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|Book The Second - Reaping||Charles Dickens|
Chapter VIII - Explosion
|Page 8 of 9||
'As you lie here alone, my dear, in the melancholy night, so you must lie somewhere one night, when even I, if I am living then, shall have left you. As I am here beside you, barefoot, unclothed, undistinguishable in darkness, so must I lie through all the night of my decay, until I am dust. In the name of that time, Tom, tell me the truth now!'
'What is it you want to know?'
'You may be certain;' in the energy of her love she took him to her bosom as if he were a child; 'that I will not reproach you. You may be certain that I will be compassionate and true to you. You may be certain that I will save you at whatever cost. O Tom, have you nothing to tell me? Whisper very softly. Say only "yes," and I shall understand you!'
She turned her ear to his lips, but he remained doggedly silent.
'Not a word, Tom?'
'How can I say Yes, or how can I say No, when I don't know what you mean? Loo, you are a brave, kind girl, worthy I begin to think of a better brother than I am. But I have nothing more to say. Go to bed, go to bed.'
'You are tired,' she whispered presently, more in her usual way.
'Yes, I am quite tired out.'
'You have been so hurried and disturbed to-day. Have any fresh discoveries been made?'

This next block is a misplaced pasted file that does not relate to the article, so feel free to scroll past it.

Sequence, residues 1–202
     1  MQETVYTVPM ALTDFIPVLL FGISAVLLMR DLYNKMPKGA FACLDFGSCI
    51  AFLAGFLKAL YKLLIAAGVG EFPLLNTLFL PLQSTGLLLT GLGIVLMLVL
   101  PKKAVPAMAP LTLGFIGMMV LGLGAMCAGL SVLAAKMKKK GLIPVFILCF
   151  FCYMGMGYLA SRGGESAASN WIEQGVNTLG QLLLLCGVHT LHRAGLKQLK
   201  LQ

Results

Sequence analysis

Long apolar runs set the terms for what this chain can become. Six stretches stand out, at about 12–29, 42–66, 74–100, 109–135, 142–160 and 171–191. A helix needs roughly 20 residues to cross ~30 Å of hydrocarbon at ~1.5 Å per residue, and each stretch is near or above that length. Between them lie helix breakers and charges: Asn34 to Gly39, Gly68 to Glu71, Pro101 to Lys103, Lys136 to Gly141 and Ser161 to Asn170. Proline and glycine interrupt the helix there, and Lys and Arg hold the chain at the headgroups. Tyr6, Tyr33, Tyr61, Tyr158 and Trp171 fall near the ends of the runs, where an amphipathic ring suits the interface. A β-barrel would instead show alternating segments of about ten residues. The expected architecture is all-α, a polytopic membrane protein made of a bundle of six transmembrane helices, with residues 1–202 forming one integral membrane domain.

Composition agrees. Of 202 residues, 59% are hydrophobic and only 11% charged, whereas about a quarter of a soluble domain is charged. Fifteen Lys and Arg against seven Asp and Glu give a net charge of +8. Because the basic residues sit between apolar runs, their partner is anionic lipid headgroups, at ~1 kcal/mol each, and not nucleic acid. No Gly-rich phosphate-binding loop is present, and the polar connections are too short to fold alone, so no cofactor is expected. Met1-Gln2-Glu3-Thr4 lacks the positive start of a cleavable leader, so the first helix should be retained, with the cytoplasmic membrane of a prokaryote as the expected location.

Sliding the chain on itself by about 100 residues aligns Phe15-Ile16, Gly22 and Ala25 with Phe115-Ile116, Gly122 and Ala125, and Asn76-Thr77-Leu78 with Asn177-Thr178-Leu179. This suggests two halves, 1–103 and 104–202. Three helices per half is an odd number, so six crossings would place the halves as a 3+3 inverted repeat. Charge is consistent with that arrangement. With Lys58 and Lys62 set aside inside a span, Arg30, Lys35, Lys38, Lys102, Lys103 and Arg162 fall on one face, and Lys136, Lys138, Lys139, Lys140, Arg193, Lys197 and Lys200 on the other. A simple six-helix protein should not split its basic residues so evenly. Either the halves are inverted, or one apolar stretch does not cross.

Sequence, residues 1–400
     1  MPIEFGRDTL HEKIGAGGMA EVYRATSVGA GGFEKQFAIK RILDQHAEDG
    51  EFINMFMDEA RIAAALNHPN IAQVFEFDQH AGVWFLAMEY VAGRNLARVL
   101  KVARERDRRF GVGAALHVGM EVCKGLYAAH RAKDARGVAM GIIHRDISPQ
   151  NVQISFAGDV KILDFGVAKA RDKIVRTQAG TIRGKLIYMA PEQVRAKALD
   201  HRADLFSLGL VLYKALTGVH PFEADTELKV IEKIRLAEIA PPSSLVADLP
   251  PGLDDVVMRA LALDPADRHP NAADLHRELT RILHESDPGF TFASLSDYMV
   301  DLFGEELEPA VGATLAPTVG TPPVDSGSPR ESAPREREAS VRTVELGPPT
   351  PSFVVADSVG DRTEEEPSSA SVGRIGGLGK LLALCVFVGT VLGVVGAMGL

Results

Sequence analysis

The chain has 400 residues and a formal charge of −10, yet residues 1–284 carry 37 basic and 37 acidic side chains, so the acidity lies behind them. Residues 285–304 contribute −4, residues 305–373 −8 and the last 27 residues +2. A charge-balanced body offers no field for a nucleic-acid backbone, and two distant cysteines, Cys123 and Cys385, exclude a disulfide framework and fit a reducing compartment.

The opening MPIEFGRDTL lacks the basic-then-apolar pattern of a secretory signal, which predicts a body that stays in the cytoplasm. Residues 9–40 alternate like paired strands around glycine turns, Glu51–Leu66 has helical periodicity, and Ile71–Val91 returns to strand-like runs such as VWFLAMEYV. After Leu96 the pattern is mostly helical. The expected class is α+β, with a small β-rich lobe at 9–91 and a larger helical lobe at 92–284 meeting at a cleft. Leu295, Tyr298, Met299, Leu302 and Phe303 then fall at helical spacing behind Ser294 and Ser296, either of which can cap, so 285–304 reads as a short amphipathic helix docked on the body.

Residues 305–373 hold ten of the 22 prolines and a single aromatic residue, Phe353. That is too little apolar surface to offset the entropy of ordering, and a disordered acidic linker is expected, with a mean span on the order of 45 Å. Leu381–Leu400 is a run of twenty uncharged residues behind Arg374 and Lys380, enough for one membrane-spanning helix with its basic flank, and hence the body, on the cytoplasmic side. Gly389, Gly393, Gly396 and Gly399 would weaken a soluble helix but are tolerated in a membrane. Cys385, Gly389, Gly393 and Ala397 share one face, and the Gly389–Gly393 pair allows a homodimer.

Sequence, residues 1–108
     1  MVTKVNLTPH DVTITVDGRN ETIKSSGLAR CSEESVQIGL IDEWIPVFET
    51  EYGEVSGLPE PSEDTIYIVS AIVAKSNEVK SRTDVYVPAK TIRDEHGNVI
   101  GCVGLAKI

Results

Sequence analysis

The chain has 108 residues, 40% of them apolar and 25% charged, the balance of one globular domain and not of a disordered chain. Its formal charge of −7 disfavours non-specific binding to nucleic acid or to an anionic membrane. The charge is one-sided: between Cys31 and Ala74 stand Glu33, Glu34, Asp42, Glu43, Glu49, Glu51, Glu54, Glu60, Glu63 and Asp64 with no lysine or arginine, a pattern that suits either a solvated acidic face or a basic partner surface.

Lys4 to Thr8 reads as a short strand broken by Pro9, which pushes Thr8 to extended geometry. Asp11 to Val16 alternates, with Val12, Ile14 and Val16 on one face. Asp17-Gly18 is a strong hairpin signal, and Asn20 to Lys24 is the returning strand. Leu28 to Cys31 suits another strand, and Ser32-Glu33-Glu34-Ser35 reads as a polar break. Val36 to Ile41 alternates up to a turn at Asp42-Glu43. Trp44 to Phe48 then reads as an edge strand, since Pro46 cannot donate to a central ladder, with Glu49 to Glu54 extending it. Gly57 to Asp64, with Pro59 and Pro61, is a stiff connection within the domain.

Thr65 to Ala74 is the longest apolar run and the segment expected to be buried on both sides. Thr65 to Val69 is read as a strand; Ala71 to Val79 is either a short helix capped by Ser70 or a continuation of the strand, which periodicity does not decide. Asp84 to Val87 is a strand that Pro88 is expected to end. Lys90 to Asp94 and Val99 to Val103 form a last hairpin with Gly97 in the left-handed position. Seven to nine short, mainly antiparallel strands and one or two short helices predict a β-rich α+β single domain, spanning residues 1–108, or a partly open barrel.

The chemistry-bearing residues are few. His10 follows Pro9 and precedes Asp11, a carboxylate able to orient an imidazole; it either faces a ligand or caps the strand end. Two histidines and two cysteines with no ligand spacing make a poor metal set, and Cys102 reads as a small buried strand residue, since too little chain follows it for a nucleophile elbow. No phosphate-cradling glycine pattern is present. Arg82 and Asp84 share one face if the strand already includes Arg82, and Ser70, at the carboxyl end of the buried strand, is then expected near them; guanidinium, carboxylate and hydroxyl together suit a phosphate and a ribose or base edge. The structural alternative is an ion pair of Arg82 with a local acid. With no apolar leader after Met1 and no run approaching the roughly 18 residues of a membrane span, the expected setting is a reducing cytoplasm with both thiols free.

'Only those you have heard of, from - him.'
'Tom, have you said to any one that we made a visit to those people, and that we saw those three together?'
'No. Didn't you yourself particularly ask me to keep it quiet when you asked me to go there with you?'
'Yes. But I did not know then what was going to happen.'
'Nor I neither. How could I?'
He was very quick upon her with this retort.
'Ought I to say, after what has happened,' said his sister, standing by the bed - she had gradually withdrawn herself and risen, 'that I made that visit? Should I say so? Must I say so?'
'Good Heavens, Loo,' returned her brother, 'you are not in the habit of asking my advice. say what you like. If you keep it to yourself, I shall keep it to myself. If you disclose it, there's an end of it.'
It was too dark for either to see the other's face; but each seemed very attentive, and to consider before speaking.
'Tom, do you believe the man I gave the money to, is really implicated in this crime?'
'I don't know. I don't see why he shouldn't be.'
'He seemed to me an honest man.'
'Another person may seem to you dishonest, and yet not be so.' There was a pause, for he had hesitated and stopped.
'In short,' resumed Tom, as if he had made up his mind, 'if you come to that, perhaps I was so far from being altogether in his favour, that I took him outside the door to tell him quietly, that I thought he might consider himself very well off to get such a windfall as he had got from my sister, and that I hoped he would make good use of it. You remember whether I took him out or not. I say nothing against the man; he may be a very good fellow, for anything I know; I hope he is.'
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